"The price of a membership is $1 million. It costs $85,000 per year after that."
History is a real bastard and a special bastard when viewed from the gimlet eyed high pass of our future, where we, of course, dwell. Everything clear and pristine. Our signals of virtue shine in the sky like gorgeous beacons, unfettered, unchained, clear and pristine.
A fine thing that we are so good.
Speaking of, our World Surf League released a statement this just passed International Surfing Day which declared “Surfing is for everyone” and committed to “Build a diverse and inclusive work environment, advancing equality, cultivating where everyone feels welcome.”
Contributions have been pledged to the National Association for the Advancement of Colored People and continued support of the Creative Futures Collective where “We believe someone’s current circumstance shouldn’t dictate their future.”
A very fine thing.
As you well know, publishing billionaire and co-Waterperson of the Year Dirk Ziff purchased the Association of Surfing Professionals for free in 2013, or thereabouts, rebranding it World Surf League in 2015.
The League has had four CEOs since, Dirk Ziff himself as acting CEO in 2017 while winning his co-Waterperson acclaim.
The very same Dirk Ziff, you may not know as well, also co-owns Cherokee Plantation, a “Spanish-moss draped monument to selective southern hospitality” in South Carolina that Forbes also calls “the most expensive–and the snootiest–private club in America.”
Cherokee Plantation was built in 1690 as part of a land grant to Joseph Blake, who cultivated rice amongst other things. His son Daniel inherited the property and, “as slave owners go” was considered “a pretty swell guy” who “despised affectation and looked with perfect contempt upon all snobbery.”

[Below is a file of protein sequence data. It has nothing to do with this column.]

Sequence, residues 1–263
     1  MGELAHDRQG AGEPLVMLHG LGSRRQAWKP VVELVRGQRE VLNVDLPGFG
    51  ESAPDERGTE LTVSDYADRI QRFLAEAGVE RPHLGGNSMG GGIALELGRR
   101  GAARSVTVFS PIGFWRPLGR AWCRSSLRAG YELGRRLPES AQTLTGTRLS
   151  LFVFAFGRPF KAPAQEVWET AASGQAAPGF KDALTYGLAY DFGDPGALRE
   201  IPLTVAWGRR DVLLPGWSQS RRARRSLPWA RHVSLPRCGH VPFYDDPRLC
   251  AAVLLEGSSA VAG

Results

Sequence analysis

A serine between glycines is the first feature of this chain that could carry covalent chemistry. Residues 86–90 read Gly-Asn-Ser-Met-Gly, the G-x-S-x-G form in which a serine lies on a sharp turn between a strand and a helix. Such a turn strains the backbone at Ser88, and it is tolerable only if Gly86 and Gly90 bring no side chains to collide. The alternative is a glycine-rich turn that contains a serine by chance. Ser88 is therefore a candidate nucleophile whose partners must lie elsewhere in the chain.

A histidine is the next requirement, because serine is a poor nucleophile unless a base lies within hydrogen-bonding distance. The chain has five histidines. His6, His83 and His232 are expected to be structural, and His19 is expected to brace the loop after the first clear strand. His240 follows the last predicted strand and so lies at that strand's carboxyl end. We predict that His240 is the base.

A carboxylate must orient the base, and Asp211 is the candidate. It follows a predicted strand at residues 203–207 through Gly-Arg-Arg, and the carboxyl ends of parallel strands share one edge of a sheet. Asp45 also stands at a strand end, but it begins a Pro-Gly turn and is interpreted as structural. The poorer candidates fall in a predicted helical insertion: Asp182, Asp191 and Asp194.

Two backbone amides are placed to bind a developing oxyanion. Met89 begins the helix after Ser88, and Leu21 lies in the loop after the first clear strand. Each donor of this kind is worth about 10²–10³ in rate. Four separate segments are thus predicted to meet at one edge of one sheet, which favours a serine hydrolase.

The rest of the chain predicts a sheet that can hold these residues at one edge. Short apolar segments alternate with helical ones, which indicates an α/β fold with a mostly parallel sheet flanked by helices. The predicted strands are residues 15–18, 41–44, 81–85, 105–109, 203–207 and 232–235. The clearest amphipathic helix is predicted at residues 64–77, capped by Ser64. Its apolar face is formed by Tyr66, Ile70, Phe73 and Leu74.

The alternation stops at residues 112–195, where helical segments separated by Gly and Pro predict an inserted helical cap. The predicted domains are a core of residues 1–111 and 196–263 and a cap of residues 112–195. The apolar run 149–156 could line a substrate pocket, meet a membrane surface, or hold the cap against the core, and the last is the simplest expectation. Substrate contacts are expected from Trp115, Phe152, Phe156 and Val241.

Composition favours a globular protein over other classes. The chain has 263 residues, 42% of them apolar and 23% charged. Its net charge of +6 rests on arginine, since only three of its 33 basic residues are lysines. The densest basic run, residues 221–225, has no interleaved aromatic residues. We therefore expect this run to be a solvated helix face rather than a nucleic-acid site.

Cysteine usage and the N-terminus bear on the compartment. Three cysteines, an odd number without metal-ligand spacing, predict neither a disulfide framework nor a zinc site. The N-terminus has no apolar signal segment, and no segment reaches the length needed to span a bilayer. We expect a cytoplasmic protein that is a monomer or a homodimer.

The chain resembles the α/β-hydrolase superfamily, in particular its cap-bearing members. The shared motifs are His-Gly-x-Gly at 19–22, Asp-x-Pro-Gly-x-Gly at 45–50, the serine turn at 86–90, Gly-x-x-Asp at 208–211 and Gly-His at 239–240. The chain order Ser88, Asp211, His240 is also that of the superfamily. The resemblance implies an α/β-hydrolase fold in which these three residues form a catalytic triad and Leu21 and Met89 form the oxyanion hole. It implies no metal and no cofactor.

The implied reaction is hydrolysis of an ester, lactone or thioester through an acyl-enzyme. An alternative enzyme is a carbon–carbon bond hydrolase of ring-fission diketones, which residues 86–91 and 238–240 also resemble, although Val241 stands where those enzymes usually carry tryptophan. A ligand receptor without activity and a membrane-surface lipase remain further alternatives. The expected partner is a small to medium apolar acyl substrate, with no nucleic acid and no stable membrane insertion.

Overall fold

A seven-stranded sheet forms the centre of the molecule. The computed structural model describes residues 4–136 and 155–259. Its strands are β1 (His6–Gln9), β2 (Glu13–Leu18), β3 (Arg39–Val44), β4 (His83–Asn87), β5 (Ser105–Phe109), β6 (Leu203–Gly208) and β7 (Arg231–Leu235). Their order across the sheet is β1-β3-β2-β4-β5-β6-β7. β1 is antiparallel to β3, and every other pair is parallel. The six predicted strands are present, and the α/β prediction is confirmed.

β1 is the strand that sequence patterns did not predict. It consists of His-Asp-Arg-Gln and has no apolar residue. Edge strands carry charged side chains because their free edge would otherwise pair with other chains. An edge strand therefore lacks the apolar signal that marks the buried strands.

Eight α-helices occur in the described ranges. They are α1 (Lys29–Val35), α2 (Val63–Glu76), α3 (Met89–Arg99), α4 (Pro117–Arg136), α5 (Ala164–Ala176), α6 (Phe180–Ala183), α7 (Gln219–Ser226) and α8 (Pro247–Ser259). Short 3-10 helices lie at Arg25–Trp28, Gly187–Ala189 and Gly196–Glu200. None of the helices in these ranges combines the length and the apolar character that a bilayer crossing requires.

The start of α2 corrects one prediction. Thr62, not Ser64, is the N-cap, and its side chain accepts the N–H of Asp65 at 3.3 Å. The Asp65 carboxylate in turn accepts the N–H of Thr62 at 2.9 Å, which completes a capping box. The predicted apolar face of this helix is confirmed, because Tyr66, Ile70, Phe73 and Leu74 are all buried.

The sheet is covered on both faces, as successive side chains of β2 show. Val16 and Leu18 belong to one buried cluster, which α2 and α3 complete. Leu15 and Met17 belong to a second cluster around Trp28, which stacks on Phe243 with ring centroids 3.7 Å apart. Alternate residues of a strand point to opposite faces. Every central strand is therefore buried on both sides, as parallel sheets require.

He built a church on his property, enjoyed by his 559 slaves, as well as providing clothing and moderate working hours.
The plantation was badly damaged during the Civil War but rehabilitated, changed hands a few times, and today co-belongs to co-Waterperson Dirk Ziff.
The price of a membership is $1 million. It costs $85,000 per year after that. Some of what Cherokee offers is familiar country club stuff, such as horseback riding, tennis, fishing and golf. But at Cherokee, there’s no such thing as a tee time. Golfers on the 18-hole Scottish links may find their only company is an alligator that has lumbered onto the lawn from the Combahee River. And members who hunt quail can use a $100,000 Purdey house gun and enjoy an outdoor banquet–complete with tablecloths and candelabra. In the evening, members and guests are invited to pluck a stogie from the walk-in humidor in the grand plantation house. When guests climb into bed, they find a flannel-covered hot water bottle tucked between the sheets, even in summer.
A very, very fine thing and it must be assumed that contributions are equally pledged to the National Association for the Advancement of Colored People and Creative Futures Collective.
Comment has been requested from his World Surf League.
More as the story develops.